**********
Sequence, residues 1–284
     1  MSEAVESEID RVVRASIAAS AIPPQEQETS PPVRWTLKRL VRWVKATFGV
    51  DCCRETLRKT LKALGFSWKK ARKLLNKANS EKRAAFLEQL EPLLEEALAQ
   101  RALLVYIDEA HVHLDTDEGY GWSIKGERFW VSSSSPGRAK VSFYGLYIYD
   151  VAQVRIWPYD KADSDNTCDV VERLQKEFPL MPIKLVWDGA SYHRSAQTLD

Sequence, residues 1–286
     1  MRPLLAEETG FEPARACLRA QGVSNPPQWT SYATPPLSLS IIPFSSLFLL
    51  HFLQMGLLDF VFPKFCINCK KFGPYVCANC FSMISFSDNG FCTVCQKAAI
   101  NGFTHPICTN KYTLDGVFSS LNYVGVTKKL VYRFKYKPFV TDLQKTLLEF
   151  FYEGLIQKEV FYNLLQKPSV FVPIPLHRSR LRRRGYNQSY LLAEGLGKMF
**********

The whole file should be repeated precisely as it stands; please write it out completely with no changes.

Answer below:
Sequence, residues 1–284
     1  MSEAVESEID RVVRASIAAS AIPPQEQETS PPVRWTLKRL VRWVKATFGV
    51  DCCRETLRKT LKALGFSWKK ARKLLNKANS EKRAAFLEQL EPLLEEALAQ
   101  RALLVYIDEA HVHLDTDEGY GWSIKGERFW VSSSSPGRAK VSFYGLYIYD
   151  VAQVRIWPYD KADSDNTCDV VERLQKEFPL MPIKLVWDGA SYHRSAQTLD

Sequence, residues 1–286
     1  MRPLLAEETG FEPARACLRA QGVSNPPQWT SYATPPLSLS IIPFSSLFLL
    51  HFLQMGLLDF VFPKFCINCK KFGPYVCANC FSMISFSDNG FCTVCQKAAI
   101  NGFTHPICTN KYTLDGVFSS LNYVGVTKKL VYRFKYKPFV TDLQKTLLEF
   151  FYEGLIQKEV FYNLLQKPSV FVPIPLHRSR LRRRGYNQSY LLAEGLGKMF